ForeignPolicy

How to Make the Neocons Crazy About the Middle East: Tell Them the Truth

Hamas has long endorsed a two-state solution, but when the NY Times reported it, kooky neocon Charles Krauthammer went unhinged.

Old Charlie Krauthammer, the neocon who won't go away, is at it again.

Now he's hammering at an old favorite target -- the Hamas party and its political leader, Khaled Meshal -- and its new accomplice, that scurrilously liberal newspaper, the New York Times.

The Times' latest moral fault (according to Krauthammer) was to send two of its top Middle East reporters to interview Meshal and then actually report some of what he said (though the five-hour interview was boiled down to a brief article and ahandful of quotes). "Hamas Says It Grounded Rockets," the Times headline announced; Meshal explained that firing rockets from Gaza is not now a useful strategy for pursuing Hamas' goals.

But for Krauthammer the important news is Meshal's endorsement of a two-state solution, with a Palestinian state only in the West Bank and Gaza, currently occupied by Israel. "We are with a state on the 1967 borders, based on a long-term truce," Meshal said. Asked what "long-term" meant, he said, "10 years."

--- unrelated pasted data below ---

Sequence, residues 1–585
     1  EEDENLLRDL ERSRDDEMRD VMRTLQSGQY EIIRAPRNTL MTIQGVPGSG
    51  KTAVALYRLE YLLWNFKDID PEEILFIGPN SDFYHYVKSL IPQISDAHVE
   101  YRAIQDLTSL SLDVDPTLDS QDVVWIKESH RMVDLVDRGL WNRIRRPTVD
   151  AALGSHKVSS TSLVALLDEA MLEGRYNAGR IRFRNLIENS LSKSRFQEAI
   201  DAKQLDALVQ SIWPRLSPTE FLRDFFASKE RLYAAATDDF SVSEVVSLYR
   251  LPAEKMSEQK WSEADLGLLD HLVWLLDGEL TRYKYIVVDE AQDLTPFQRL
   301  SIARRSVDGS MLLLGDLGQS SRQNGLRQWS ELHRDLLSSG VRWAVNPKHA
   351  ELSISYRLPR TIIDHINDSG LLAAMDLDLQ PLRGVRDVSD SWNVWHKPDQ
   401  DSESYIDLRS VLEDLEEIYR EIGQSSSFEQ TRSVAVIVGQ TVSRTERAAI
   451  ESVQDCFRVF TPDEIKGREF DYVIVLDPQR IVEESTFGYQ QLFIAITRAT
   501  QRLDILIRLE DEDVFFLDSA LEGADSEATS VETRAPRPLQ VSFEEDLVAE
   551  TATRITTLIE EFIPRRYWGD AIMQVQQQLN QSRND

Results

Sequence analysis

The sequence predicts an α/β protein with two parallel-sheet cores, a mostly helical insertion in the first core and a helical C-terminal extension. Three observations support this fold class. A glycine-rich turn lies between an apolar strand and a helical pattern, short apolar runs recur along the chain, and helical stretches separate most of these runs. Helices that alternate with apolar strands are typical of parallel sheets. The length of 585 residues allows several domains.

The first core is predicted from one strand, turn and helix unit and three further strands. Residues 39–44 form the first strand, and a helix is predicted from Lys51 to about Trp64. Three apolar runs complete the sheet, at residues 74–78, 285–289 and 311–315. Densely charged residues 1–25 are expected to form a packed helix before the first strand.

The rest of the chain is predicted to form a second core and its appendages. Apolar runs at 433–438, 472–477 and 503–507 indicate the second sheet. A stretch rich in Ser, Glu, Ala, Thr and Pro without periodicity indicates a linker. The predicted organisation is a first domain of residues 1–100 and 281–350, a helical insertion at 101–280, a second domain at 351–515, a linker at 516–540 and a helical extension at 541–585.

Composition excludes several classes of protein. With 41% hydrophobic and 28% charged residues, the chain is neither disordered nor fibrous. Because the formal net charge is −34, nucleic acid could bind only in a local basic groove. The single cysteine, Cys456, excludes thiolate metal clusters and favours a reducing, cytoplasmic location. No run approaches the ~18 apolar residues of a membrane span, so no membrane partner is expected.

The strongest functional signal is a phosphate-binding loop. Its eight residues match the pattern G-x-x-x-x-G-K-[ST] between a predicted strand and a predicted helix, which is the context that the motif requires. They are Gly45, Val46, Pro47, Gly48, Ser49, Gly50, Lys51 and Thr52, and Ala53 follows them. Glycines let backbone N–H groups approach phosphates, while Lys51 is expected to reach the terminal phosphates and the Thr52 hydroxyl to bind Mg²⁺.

Actually, that's not really news. Hamas leaders have been saying for several years now that they want a two-state solution and a 10-year truce, as everyone who follows the issue closely knows very well.

What's new is that the oh-so-influential New York Times is willing to bring Meshal's message to a much larger public and thus give it legitimacy for the masses in the U.S. -- which is precisely what has Krauthammer unnerved.

How does this message square with the infamous Hamas Charter that calls for the elimination of the state of Israel? Although Meshal still insisted that "he would not recognize Israel … he urged outsiders to ignore the Hamas charter," saying that it's 20 years old and, "we are shaped by our experiences."

In other words, times change even if charters don't; watch what we do now, not what we said years ago. Let us negotiate the 10-year truce and live in peace alongside Israel.

Aha, cries Krauthammer; there's the wily devil's trick: "After a decade of Hamas arming itself within a Palestinian state that narrows Israel to 8 miles wide -- Hamas restarts the war against a country it remains pledged to eradicate." And how do we know that's their diabolical plan? "The Palestinians" -- apparently a monolithic bloc like the Borg -- "have never accepted the idea of living side by side with a Jewish state."

For his "proof," Krauthammer points to the famous negotiations that President Bill Clinton convened at Camp David in 2000, between Israeli Prime Minister (now defense minister) Ehud Barak and Palestinian leader Yassir Arafat.

"No Israeli government would turn down a two-state solution in which the Palestinians accepted territorial compromise and genuine peace with a Jewish state," Krauthammer claims. "Barak offered precisely such a deal in 2000. … The Palestinian response (for those who have forgotten) was: No."